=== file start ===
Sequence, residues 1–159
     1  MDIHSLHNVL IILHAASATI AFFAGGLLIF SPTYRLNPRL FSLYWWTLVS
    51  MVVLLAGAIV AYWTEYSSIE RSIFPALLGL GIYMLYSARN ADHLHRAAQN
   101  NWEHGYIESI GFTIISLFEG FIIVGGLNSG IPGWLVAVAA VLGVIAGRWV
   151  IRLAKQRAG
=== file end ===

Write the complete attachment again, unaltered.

Sequence, residues 1–159
     1  MDIHSLHNVL IILHAASATI AFFAGGLLIF SPTYRLNPRL FSLYWWTLVS
    51  MVVLLAGAIV AYWTEYSSIE RSIFPALLGL GIYMLYSARN ADHLHRAAQN
   101  NWEHGYIESI GFTIISLFEG FIIVGGLNSG IPGWLVAVAA VLGVIAGRWV
   151  IRLAKQRAG